It is a link Briggs would have found exciting. Mattur and its twin village Hosanahalli, a few kilometres north of Shimoga town, sandwich a thin strip of the Tungabhadra. Enter Mattur, and your senses are assailed by a host of sights that is eccentric in its fusion of the picturesque and the quixotic. While a set of Smartha Brahmins recite Vedic hymns by the riverside in the morning cold, a couple of young men with tufts zoom past on a black Pulsar — the unstitched folds of their white uparivasthras flapping in the breeze. When I enter the home of Gopal Avadhani, a retired engineer, a boy named Shantarama introduces himself in Sanskrit, “Mama naama Shantarama.”

Sanskrit dominates the life of Mattur, and not just because half the populace speak the language — with varying degrees of fluency. Right about the time Briggs and his crew were discovering the semantic potential of Sanskrit for computer applications, Mattur was rediscovering Sanskrit for itself.

The journey back to its Vedic roots started for the village in 1981 when Sanskrita Bharati, an organisation that promotes the classical language, conducted a Sanskrit workshop in Mattur. It was attended, among others, by the pontiff of the Pejawar Mutt in nearby Udupi.

Inspired by this village where Sanskrit survived as a spoken language, the seer reportedly exclaimed, “A place where individuals speak Sanskrit, where whole houses talk in Sanskrit! What next? A Sanskrit village!” It’s a call Mattur took to heart.

Sanskrit is reputedly a tough nut to crack, but is it that different from picking up any other language? In some rather important ways, it seems it is. When Shantarama leaves for school and says “Aham vidyalayam gachhami” (I am going to school), he will know that gachhami is very much like gamanam — which means movement. Both words come from the root class gam, from which a fluent Sanskrit speaker can dig up words for all kinds of movements and for things that move. Like gau for cows and khagah for birds. But khagah is not merely something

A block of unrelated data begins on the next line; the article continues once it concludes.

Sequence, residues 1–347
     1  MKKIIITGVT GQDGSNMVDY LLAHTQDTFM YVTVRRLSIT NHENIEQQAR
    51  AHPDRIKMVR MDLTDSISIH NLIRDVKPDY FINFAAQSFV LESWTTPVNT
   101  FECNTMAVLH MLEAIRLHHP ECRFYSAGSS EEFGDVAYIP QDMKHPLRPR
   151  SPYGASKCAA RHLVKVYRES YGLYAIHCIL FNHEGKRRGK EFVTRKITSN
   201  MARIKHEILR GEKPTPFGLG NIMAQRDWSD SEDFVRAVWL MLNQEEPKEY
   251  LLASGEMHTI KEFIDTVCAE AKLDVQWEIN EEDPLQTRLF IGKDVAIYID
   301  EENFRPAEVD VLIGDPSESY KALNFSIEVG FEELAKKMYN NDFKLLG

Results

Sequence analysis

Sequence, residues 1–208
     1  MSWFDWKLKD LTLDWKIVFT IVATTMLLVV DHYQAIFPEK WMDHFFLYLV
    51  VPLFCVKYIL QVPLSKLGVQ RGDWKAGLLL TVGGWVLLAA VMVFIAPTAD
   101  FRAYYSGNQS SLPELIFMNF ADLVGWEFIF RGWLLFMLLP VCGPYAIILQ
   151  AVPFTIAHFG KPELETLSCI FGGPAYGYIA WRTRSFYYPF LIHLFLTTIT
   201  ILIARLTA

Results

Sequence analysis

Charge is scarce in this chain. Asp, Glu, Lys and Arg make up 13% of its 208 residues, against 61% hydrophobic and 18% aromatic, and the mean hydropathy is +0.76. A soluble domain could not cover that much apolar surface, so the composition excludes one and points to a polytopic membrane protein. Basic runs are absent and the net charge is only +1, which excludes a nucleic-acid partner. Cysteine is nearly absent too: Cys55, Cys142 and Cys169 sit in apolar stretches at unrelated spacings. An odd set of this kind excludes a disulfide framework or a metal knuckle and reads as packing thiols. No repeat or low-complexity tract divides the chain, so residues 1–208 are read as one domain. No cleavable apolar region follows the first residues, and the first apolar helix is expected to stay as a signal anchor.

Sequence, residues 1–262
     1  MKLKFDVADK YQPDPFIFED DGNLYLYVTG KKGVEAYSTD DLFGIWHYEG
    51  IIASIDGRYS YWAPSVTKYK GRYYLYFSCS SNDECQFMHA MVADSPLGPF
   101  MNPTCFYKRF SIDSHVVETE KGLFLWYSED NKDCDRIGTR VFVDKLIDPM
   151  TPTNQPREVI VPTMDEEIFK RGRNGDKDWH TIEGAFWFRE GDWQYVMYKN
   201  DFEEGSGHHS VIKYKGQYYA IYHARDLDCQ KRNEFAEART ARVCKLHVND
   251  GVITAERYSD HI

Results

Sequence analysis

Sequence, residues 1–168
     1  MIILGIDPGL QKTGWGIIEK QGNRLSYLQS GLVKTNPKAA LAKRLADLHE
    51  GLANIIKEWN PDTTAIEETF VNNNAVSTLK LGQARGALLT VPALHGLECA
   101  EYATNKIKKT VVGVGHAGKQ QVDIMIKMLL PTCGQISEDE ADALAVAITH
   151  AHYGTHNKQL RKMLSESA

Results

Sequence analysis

that moves. It is that which it moves in khagam (sky). From a few basic classes (root words), Sanskrit creates an endless chain of words — all linked to each other.

“The objects, events and actions are all labelled depending on the root,” says Srivatsa S, who is doing his research in linguistics at the English and Foreign Languages University, Hyderabad.

Dhruv Kumar, who is scholar Gopal Avadhani’s nephew, is one of Mattur’s success stories. He heads a software development company in Bangalore. The IT professional is a stranger to linguistics concepts, but he is very familiar with the idea that one can link together a vast set of seemingly random things by boiling them down to basic classes that will split the objects between them. He would be doing it every day. In his office at Mahalakshmi Layout when Dhruv works on Java or C ++, he is using Object Oriented Programming (OOP), a